11 New England Hikes to Try This Winter
Spend a Saturday on these trails, open all season long.
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Already swap out your hiking boots for Bean boots? Not so fast. Don’t let plummeting temperatures lure you into packing away trusty outdoor gear just yet.
Some of the region’s most-traversed trails offer a completely different hiking experience come wintertime. Pull on some wool socks and get your fill of snow-dusted evergreens at these 11 destinations across New England.
Lincoln Woods Trail
Lincoln, New Hampshire
The moderate, mostly flat Lincoln Woods Trail follows along New Hampshire’s Pemigewasset River. It’s appealing to novice and expert hikers alike, making it one of the most popular trails in the White Mountains. While there’s plenty of natural beauty (including a waterfall), the trail also features a wooden foot bridge.
Kancamagus Highway, Lincoln, NH, visitwhitemountains.com.
Mohawk Trail State Forest
Located in the northern Berkshires of Western Massachusetts, this state forest offers 6,000 acres to hike through, with large gorges and mountain ridges. Check out the ponds, open meadows, and streams as you trek along one of the many trails. Bonus: The trails are free from November through April.
Cold River Road, Charlemont, 413-339-5504, mass.gov.
Tucker Preserve’s 1.8-mile loop crosses land formerly owned by a rubber company that operated along the Indian Head River. Today, the preserve’s trail winds through the woods to the river and back, and passes by stone walls that once marked farmers’ pastures.
West Elm Street, Pembroke, Mass., wildlandstrust.org.
Wachusett Mountain State Reservation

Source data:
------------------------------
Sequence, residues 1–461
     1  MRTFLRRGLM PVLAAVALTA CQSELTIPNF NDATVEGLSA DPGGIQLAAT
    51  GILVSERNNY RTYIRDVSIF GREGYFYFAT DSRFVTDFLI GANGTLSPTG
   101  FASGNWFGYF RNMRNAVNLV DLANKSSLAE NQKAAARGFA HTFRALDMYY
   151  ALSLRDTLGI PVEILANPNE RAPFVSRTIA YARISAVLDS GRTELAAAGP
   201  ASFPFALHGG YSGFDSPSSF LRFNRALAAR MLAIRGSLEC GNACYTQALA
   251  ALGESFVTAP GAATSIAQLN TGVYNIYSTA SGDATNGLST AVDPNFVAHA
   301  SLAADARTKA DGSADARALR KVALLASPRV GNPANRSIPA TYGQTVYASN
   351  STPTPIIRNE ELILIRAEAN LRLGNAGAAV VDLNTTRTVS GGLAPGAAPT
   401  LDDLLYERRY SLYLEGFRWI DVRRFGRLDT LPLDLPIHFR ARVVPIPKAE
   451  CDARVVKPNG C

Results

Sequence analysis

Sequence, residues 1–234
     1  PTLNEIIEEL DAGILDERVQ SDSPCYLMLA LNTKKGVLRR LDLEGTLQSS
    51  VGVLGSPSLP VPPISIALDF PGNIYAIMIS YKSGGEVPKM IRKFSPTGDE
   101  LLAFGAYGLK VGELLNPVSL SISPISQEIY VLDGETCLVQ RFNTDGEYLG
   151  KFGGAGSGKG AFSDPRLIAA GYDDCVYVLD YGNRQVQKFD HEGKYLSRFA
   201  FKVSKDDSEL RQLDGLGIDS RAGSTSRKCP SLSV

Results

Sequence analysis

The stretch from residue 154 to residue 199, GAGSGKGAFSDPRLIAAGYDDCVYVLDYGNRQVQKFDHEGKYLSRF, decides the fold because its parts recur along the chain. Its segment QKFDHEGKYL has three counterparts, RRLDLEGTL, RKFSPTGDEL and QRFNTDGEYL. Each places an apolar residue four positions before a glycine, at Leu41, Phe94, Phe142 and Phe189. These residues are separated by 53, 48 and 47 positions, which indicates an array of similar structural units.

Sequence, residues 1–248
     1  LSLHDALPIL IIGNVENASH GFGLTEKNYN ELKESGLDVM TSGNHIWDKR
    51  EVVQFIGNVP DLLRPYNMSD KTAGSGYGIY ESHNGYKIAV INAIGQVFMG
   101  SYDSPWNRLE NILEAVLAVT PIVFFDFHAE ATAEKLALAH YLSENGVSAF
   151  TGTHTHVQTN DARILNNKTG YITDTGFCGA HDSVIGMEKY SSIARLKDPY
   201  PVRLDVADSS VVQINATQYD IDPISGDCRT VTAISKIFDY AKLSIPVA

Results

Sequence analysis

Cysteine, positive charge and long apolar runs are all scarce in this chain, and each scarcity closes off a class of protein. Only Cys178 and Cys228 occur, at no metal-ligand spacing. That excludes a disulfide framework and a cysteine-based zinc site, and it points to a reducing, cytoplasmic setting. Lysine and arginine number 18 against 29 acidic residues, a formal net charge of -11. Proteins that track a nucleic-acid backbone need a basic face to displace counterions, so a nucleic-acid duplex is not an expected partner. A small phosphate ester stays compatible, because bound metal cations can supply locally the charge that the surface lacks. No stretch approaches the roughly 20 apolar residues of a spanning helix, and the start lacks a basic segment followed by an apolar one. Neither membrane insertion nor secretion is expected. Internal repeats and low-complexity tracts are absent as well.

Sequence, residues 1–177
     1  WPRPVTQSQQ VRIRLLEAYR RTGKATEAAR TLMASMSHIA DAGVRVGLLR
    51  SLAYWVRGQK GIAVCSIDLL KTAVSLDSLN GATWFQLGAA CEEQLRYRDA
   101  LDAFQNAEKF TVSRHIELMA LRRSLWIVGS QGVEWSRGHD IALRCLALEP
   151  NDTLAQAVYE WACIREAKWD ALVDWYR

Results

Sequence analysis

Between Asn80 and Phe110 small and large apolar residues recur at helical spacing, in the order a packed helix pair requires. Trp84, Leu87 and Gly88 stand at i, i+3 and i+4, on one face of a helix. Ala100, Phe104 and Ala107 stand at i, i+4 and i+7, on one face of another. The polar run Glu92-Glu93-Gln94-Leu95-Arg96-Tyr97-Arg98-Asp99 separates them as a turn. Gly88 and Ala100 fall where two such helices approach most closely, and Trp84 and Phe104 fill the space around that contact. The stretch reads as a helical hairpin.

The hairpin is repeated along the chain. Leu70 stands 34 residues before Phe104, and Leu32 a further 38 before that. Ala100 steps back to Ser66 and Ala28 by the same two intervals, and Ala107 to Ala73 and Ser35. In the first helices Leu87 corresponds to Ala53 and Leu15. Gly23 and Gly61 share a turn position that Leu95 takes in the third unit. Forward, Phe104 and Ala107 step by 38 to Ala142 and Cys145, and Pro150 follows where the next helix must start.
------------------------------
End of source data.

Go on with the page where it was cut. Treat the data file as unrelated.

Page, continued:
You may know Wachusett Mountain for skiing and snowboarding, but it also offers a number of year-round hiking trails. On clear days, hikers can see Mount Monadnock and the Boston skyline from the mountain’s summit. Appreciate the views and the current lack of snow, and come back to hit the slopes later this season.
Mountain Road, Princeton, 978-464-2987, mass.gov.
Bartlett, New Hampshire
This wildly popular swimming hole becomes an icy, sparkling jewel in the winter. While it’s a relatively short walk to Diana’s Baths—a stunning series of waterfalls—hikers should come equipped with proper footwear, as the packed snow can be slippery.
West Side Road, Bartlett, NH, northconwaynh.com.
Arcadia Wildlife Sanctuary
Arcadia’s five miles of trails meander through forest, meadows, wetlands, grasslands, and marshes. The sanctuary is open all year round, and runs programming—like bear tracking and nature field trips—throughout the winter months.
127 Combs Road, Easthampton, 413-584-3009, massaudubon.org.
Bauneg Beg Mountain
North Berwick, Maine
Not far from the New Hampshire border, this mountain in North Berwick, Maine boasts unobstructed views of the Atlantic Ocean on one side and Mount Washington on the other. Strap on snowshoes to follow the half-mile trail to the top, then take in the scenery knowing you’re atop the only mountain in Southern Maine without a communications tower.
Fox Farm Hill Road, North Berwick, Maine, gwrlt.org.
Brooks Woodland Preserve
Run by the Trustees of Reservations, Brooks Woodland offers more than 13 miles of trails and roads on land set aside for conservation. Choose from one of the many trail options, or check out the Swift River or Roaring Brook, alongside wetlands.
East Street, Petersham, 413-532-1631, thetrustees.org.
Blue Hills Reservation
Blue Hills is a good option for a quick getaway hike, located only minutes from the city. Try hiking here on a weekend afternoon and enjoy the varying terrain and 125 miles of trails. Stretching from Randolph to Milton, and Quincy to Dedham, Blues Hills Reservation comprises more than 7,000 acres. Bundle up in layers and climb to the top of Great Blue Hill this winter season.
695 Hillside Street, Milton, 617-698-1802, mass.gov.
This Trustees of Reservations property is about an hour’s drive outside of the city. There’s the option to follow a short trail leading to Noon Hill’s peak, where you can take in views of the Charles River and surrounding towns, while another trail loops around Holt Pond.
Noon Hill Road, Medfield, Mass., trustees.org.
With stunning views of the Boston skyline and charming carriage paths reminiscent of an older time, World’s End is a great hiking destination to visit in any season. Walk along the 4.5 miles of footpaths and enjoy the coastal views on the 251-acre property, or bring a thermos of hot cocoa and a blanket for a picnic. When the snow does fall, this Trustees destination is optimal for snow-shoeing and cross country skiing.
Martin’s Lane, Hingham, 781-740-7233, thetrustees.org.